So I was not expecting what happened next. I don't know if I was having a good day, if it was that I was stood in a good position to see everything or if it was something to do with the new teacher's style of dance or of explaining the movements but I felt like I picked up the movements with a lot less fuss than usual, and I retained them better than I usually do. The teacher broke the dance down into very small parts and once we had tried each part she added on the next, pausing to make sure everyone was still keeping up. I really enjoyed the dance and I felt that because I was able to pick up the movements at the same sort of rate as the rest of the class (all bar one step that was a little too complicated for me involving going up into a pirouette position twice in quick succession)I could even add some expression and emotion to the dance and really try to perform it rather than just stumbling through the motions as I have been doing so far.

Overall I feel really positive about the new format for the class although next week we are trying a faster dance so ask me in a week if I am still feeling so capable! Also, I feel like something from the classes may be starting to pay off in my burlesque work. When I have been improvising and blocking out movement for my Jackalope and another upcoming act I have in mind I have found myself using some of the body shapes and positions I have learned in class and hopefully this will make the dance elements of these acts a little more graceful and their movements more definite. I want so dearly for my Jackalope and the other acts that follow it to be of a noticably higher standard than the things I have produced before but I know I still have a long way to go before they will be anywhere near the sort of standard I would like them to be. I suppose all I can do is try!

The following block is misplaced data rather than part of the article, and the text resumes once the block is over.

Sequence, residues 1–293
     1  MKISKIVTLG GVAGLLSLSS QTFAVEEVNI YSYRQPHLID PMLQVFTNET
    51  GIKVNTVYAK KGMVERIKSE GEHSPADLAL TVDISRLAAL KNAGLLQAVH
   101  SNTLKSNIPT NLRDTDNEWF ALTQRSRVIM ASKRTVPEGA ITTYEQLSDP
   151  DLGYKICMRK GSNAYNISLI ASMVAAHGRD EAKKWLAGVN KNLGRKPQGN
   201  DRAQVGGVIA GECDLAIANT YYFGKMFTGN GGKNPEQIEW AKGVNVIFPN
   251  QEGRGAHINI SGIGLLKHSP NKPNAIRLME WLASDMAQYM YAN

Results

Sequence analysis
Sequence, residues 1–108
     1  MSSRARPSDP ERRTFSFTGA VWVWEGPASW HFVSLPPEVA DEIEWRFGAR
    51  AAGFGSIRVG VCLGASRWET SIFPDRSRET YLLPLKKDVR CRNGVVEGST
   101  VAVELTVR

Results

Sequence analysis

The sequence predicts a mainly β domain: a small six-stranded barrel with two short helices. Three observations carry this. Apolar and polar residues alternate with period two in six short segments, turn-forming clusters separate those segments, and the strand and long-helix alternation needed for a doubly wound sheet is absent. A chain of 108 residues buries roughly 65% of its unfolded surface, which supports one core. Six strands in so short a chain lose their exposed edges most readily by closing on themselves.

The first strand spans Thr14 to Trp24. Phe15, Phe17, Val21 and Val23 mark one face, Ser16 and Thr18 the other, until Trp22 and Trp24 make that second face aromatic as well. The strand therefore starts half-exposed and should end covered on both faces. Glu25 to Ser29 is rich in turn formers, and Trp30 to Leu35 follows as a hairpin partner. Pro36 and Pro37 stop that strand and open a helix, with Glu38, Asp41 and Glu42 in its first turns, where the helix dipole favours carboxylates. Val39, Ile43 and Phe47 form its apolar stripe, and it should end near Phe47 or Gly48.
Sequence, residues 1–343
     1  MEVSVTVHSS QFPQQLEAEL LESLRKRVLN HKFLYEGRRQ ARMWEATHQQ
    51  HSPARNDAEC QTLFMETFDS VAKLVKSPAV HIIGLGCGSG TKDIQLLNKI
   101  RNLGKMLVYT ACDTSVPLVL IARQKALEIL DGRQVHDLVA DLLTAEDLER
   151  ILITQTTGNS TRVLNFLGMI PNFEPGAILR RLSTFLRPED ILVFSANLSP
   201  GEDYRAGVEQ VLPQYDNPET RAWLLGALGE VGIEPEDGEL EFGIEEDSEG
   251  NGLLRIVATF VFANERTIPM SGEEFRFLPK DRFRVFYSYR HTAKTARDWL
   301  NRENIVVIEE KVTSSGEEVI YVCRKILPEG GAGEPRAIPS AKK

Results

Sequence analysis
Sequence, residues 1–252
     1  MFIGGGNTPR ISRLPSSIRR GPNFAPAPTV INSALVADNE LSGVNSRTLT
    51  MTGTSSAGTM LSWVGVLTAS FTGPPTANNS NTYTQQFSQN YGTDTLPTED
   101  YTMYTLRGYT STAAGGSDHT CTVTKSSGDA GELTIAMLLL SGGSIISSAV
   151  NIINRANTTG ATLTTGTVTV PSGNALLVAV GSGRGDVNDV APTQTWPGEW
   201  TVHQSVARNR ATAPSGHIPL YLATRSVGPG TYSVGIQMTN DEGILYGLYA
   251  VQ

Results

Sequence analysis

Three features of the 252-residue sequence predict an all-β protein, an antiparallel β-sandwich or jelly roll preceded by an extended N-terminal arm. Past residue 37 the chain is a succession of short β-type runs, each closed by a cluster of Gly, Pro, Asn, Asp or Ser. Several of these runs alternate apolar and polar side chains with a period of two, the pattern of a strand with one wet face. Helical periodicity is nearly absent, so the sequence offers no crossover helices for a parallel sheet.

'Til next time

Wednesday, 3 March 2010

Getting Back on the Horse (or should that be Jackalope?)

After a very prickly period working on my Jackalope act (see the previous post to see how prickly!) I have dusted myself off and got back on the horse and things seem to be progressing forward, finally.

The big problems I had with this act were the antlers and the wig(s). In the antler situation I did not have the heart in the end to request a refund from the chap who made them – he obviously tried his best. So I went to my sister’s and had a chat with her other half who has a degree in product design. I told him about the prop maker’s idea of moulding some sort of cap to go under the wig which the antlers could be bolted onto. He immediately started Googling and came up with this:

It’s called Polymorph and if I remember my secondary school DT classes then it’s a low temperature thermoplastic plastic. Meaning it can be moulded when you heat it up in hot water.
The original plan was to make the cap out of this and mould it around my head (!). However, my sister came up with an even smarter idea – to mould a new pair of antlers out of the Polymorph. She kindly went away and knocked me up a small prototype and I was pleasantly surprised. The Polymorph is strong and durable with a tiny bit of flexibility so it isn’t brittle (although it moulds to itself very easily so if an antler did break it would only need heating up a little to repair). It is also unfeasibly light. Sis brought the antler over wrapped in bubble wrap and when she handed it to me I thought she had had a brainstorm and forgot to put the antler inside the wrap! That’s how light it was.

So Sis is now beavering away with her ‘House of Emerald’ project to produce me antlers version 2 (in reality it’s actually version 5, I think, if you count the attempts I made myself with wire and papier mache etc some months ago) and I am optimistic about the results. Keep your fingers crossed for me!